The culinary art of being a Coarse Cook in a Hillbilly Kitchen

The culinary art of being a Coarse Cook in a Hillbilly Kitchen
What it says on the tin. (Photo: newhallpublishing on Pixabay)

For no-fail $2 recipes that may or may not involve a possum and will definitely include taters, head on over to The Hillbilly Kitchen.

It would be fair to say, and I do so with apologies to Michael Green, that I am a Coarse Cook. If  you are familiar with the books in the series, such as The Art of Coarse Acting and The Art of Coarse Drinking, you will know that this is somebody who enters a field with a great deal of enthusiasm and not a modicum of talent or finesse other than the art of causing chaos around you.

In the matter of Coarse Drinking, I have the talent but not the finesse. I have been known to plonk a box of Blanc de Blanc down on a restaurant table and ask for a glass. What is the point of a bottle of the finest when you are about to eat curry and they don’t have a licence anyway?

The Coarse Cook will somehow succeed in getting dough to rise to perfection after following the recipe and method meticulously. Then the Coarse Cook will discover that she has forgotten to put the oven on and while it heats to the temperature required for a good loaf of bread, the dough will sink ominously in the background, never to rise again. (A Coarse tip: roll the collapsed dough into rounds, grate cheese over them and call them biscuits.)

The Coarse Cook uses mayonnaise as a sauce and thinks of painstaking steps to perfection as optional. More of a seasoning is always better and anything can be substituted. I once made spaghetti Bolognese from two tins of spam because I had forgotten to buy the mince. Once all the tomato and garlic was in you could hardly tell the difference. The Coarse Cook never puts out snacks before a meal and plies the guests with wine. That way they are squiffy before the meal and just grateful it has been served.

So it was that I found my spiritual culinary home in The Hillbilly Kitchen. Yes, it exists. There are even cookbooks and a TV show, which is what I found on YouTube.

The Hillbilly Kitchen’s cook is also real; she seems to have skills that are followed by thousands of Americans, presumably living in the Appalachians. She wears what the Americans call a plaid shirt and seems to think makeup is something worn by French women and sinners.

But boy does it take you back to basics. You get your possum, or some other critter, skin it and throw it in the pot…. I am guessing the diet is low on corn because that goes in the still behind the house, guarded by three large dogs who are fed once a week to keep them mean.

Actually I am making that up about the possum, it seems the ingredients come from the local supermarket, presumably in somewhere called Hogs’ Holler.

What appeals to me is the captions that announce the episodes. They all include the fact that this recipe is “no fail”, “$1 meal to feed the whole family”, “tinned tuna fritters” and “Depression Era pot stew”.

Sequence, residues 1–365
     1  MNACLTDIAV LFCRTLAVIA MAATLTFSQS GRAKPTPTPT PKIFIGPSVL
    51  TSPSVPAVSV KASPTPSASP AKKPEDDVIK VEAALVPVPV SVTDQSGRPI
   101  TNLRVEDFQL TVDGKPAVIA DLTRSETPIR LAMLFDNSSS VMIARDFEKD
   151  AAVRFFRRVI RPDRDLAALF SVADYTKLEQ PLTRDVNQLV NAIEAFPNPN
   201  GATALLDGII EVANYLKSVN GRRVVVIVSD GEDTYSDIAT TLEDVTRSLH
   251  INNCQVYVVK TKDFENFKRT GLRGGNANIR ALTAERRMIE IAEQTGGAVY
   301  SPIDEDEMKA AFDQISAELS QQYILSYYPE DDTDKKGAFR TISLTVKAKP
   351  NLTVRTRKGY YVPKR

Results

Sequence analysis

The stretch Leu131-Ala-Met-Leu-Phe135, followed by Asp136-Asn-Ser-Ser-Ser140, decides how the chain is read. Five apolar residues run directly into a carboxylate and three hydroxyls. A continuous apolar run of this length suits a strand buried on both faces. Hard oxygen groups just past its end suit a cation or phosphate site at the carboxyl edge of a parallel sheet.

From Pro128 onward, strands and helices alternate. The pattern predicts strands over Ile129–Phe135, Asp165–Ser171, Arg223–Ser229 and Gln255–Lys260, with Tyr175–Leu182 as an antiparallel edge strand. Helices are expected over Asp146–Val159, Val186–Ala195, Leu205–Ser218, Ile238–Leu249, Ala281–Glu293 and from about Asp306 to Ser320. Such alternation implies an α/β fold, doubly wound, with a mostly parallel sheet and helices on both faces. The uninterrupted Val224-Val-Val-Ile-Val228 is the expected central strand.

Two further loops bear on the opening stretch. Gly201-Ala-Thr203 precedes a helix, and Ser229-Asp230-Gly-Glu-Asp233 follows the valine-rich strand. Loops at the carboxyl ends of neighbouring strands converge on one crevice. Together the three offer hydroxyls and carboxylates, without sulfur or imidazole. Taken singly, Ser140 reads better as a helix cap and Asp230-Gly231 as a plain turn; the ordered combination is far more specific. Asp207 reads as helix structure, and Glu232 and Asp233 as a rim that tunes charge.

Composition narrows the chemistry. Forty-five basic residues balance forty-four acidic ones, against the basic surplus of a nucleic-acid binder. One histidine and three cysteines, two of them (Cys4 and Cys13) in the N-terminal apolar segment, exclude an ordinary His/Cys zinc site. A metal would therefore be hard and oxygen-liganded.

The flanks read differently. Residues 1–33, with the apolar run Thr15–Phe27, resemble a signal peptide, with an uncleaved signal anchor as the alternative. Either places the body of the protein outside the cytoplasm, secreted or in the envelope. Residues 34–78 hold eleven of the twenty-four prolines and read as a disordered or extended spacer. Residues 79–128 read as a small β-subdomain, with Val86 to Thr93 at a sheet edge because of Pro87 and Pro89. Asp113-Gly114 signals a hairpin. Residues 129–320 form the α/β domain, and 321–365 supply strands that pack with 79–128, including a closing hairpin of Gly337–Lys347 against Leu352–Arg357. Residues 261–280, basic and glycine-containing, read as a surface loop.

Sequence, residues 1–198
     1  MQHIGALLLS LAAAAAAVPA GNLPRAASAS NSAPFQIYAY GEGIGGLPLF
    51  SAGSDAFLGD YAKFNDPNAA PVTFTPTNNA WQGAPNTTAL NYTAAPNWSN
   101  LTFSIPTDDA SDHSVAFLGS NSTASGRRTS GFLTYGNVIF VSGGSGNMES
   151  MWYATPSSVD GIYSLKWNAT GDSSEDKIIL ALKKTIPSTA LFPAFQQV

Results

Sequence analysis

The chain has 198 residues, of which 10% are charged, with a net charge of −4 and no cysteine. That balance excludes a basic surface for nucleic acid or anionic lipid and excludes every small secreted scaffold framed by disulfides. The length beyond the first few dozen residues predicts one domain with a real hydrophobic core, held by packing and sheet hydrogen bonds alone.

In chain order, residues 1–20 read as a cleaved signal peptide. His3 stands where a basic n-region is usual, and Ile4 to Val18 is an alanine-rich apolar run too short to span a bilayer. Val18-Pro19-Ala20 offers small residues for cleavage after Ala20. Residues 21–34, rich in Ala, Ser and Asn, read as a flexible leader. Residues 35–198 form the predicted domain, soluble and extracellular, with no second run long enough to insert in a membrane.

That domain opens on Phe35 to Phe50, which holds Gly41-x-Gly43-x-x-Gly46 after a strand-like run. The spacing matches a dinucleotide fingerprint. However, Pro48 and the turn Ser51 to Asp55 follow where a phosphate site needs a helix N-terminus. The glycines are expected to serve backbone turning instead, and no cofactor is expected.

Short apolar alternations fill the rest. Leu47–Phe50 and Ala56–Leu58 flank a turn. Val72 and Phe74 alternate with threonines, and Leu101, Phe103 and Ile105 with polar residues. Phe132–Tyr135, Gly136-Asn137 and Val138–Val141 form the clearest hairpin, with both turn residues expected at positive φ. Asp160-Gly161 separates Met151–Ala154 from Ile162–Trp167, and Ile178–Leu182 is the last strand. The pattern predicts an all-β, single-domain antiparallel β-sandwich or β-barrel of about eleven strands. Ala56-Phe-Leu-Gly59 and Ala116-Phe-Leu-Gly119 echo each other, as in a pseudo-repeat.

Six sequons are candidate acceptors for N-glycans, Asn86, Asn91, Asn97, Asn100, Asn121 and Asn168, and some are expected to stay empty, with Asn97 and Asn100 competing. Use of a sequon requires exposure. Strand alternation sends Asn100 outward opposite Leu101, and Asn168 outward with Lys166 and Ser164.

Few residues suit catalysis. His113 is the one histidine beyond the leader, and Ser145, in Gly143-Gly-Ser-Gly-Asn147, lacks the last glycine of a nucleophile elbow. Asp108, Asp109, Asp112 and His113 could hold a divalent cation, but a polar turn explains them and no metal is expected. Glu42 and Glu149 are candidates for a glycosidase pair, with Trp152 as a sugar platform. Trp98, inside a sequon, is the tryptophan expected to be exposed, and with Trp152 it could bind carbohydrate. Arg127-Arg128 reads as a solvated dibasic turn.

The catchiest of all is “two ingredient recipe”. This will of course appeal to the Coarse Cook because hey, how wrong can you go?

You receive pearls of wisdom such as “there is no metal in a cast iron skillet – my ma and grandma used this one”.

Taters are big in The Hillbilly Kitchen which of course appeals to me. And I loved being told that if my taters were a “bit gnarly”, I should just cut off the bad bits. This of course is the very opposite of the Foodie’s philosophy that if a potato is not fresh out of the ground and has an indentation anywhere, it becomes compost.

Taters are a big part of everything in these budget meals, billed as food for the hard times, and a lot of people all over the world are going through hard times now in the wake of a pandemic and an economic upheaval. The Hillbilly Kitchen calls it like it is, no frills, but the food can still be delicious. Getting back to basics is their kitchen’s philosophy. During the Depression you used what you had, there were no food cults then.

The instruction to cut off the bad bits of my gnarly potatoes – sorry, taters – came with a recipe for $2 hot dogs: drop in your hot dog sausages with cubed potatoes and onions and plenty of seasoning. Yessir, the pan filled up nicely and a whole family could have got behind that.

And be sure to cook it in the old cast iron skillet.

I bet the instruction “If you are worried about burning it, turn the heat down” saved a lot of people from going hungry.

As somebody who loves a pizza and thought it was Christmas every day in New York because there were hot dog stands on every corner, taters and fritters and sausage cheese balls are heaven on a platter.

And we are told that folk live a long time in them there Appalachians. Perhaps it’s all the exercise they get tracking down the possums, ploughing the taters and stirring the stills. 


Followers of TGIFood may recall that the biltong maker, a sort of uplit drying box, caused consternation when it appeared in our dining room last winter. The ghostly light suggested the house was on fire and the strange aroma emanating from it caused an appetite even as robust as mine to dwindle.

Well, it made an appearance recently in our bedroom. Presumably The Foodie thought I would not notice it behind the clothes hamper but it gave itself away in a heartbeat. We were drying mushrooms, apparently.

It has now been consigned to the shed. I have no idea what we will dry next but in the Karoo it could be anything from raisins to rawhide. DM/TGIFood


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